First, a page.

Now, this is interesting. Why would so many people think it was a problem elsewhere? How would they know? Let's read on and find out what the conclusions of the report were.
Respondents from Otahuhu - the area with the highest crime rate - did identify crime as a serious problem in their neighbourhood but, like the other regions, tended to dissociate it from the local community.
Ok...
"Otahuhu has got a lot of bad people, I know, but not as it's made out to be [that] all crimes are committed by people in Otahuhu."

[...] One laughed off finding comatose teenagers in her yard at weekends.

[...]"But most of them we sort of know because our children grew up in Havelock North so ... I'm not threatened personally by it, it's just disorder, if you can call it disorder."
And.... that's it. That's the article. Finis. It's just a series of anecdotes, with no talk of why these outcomes might be the case. "What an odd paper to publish," I thought. "An academic paper with no discussion or conclusions?" So I decided to track down the one of the authors of the original report, who was kind enough to send me a copy of it. (He emphasised that it has not yet been approved for publishing, but that didn't stop the Herald half-reporting the results.)

What probably shouldn't surprise you is that the report does in fact draw some conclusions, albeit tentative, about why the disparity exists between people's concern for crime in their area and their angst about crime in New Zealand. And it's not like they're buried at the back, where an overly rushed Herald reporter might miss them. The abstract itself starts:
Contrary to much political and media discourse, quantitative and qualitative results of a research study suggest that the New Zealand public do not regard crime and disorder as escalating or serious problems in local neighbourhoods. Across a range of different areas, the study found that a majority of respondents did not regard crime in their local community as a serious problem compared to other districts, neither did they report that it was an escalating problem.
Weird! Because the article didn't mention anything about that!
In contrast, respondents were much more likely to report that crime problems were serious and increasing across the nation as a whole. This discrepancy might be explained by the reliance of the public on media coverage of crime for information on national crime trends and patterns.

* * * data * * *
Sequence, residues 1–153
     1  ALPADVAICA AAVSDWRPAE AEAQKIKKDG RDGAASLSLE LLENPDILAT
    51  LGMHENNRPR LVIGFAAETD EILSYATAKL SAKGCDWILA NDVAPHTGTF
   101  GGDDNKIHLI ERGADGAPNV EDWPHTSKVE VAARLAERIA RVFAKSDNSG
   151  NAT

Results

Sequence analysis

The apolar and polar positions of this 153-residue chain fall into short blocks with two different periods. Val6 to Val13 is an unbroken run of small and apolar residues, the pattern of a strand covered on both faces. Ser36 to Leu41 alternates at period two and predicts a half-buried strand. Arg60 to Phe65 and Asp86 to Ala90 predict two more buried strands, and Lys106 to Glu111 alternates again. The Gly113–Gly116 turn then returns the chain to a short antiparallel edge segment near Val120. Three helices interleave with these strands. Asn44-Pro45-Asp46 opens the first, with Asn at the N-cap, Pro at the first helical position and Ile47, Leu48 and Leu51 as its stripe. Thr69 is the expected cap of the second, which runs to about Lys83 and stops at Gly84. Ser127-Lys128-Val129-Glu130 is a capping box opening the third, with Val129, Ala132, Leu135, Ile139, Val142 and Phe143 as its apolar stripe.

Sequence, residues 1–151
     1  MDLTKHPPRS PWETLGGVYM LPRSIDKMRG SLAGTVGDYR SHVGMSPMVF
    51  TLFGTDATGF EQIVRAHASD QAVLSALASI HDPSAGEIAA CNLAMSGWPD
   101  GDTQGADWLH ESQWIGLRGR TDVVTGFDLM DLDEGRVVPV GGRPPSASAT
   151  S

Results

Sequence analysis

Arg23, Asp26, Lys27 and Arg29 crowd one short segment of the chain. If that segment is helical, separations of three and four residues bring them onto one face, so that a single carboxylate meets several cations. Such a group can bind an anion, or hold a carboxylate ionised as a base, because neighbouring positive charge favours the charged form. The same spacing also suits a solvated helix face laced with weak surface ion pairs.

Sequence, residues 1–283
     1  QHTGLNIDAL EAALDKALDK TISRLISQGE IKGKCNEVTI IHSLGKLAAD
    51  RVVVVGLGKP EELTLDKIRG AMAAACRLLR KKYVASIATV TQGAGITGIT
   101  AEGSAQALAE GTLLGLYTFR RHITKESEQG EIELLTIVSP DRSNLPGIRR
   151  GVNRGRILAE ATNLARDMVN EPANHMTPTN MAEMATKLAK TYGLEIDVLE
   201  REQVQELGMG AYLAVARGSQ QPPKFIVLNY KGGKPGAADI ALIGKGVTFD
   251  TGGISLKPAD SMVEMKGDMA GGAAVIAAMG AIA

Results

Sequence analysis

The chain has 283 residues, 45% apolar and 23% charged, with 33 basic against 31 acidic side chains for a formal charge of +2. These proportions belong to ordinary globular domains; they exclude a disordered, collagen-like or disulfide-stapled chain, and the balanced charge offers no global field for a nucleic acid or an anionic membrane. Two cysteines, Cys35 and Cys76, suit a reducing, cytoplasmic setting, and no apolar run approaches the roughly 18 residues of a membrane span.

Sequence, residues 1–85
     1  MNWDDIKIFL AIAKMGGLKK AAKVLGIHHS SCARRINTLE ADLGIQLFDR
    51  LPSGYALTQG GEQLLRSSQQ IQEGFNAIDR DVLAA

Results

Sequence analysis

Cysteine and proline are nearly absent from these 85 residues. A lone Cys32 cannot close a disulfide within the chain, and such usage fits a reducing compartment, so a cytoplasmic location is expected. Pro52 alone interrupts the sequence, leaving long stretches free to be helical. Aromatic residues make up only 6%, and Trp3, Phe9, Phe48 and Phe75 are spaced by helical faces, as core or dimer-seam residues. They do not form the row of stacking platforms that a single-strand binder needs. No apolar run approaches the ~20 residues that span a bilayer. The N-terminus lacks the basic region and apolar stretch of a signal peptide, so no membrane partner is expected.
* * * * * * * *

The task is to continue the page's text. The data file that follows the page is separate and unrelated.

Media coverage! Like in the Herald. Later, in the discussion, the authors conclude that such media coverage and populist politics - "Crusher" Collins, anyone? - might have serious negative effects for the country:
That media and political perspectives on crime are inconsistent with public opinion might be of general concern given considerable and continuing legislative and financial investments undertaken as a consequence. They are also problematic since efforts to develop local community policing and community safety community safety initiatives are likely to be hampered if the complexities of public perspectives are overlooked.
The interesting question concerns how it came to pass that an article about an academic criminology study managed to leave out any sort of analysis or conclusion - material that was clear and obvious in the paper that the journalist (presumably) made some attempt at reading. I suppose I don't know enough about how newsrooms work to answer that question. Does the journalist, consciously or unconsciously, leave out material that conflicts with the media's line? Is it an editorial decision, a case of some higher up figure gutting the article? Did the journalist really think that the discussion wasn't interesting or relevant?

It's interesting to see what they did find relevant, with a capital 'R' in big red letters.


You know, I would laugh - look, there's been a crime! - if I didn't think that it (both this article and general crime reporting) was a serious failure to meet the most basic standards of disinterested journalism. I'd really like to hear from anyone who thought otherwise.

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On a completely unrelated note - not at all related whatsoever, the Herald assures me - yesterday's Your Views topic was "Is crime a serious problem in New Zealand?" It's possibly the most depressing YV ever, but it's interesting to read in light of the paper discussed above:
Orcinus (Kaukapakapa): Bank robberies are everywhere; living closer to those bank and central town area makes me worry if such incidence falls on to me when I walk aroun the town.
Sigh.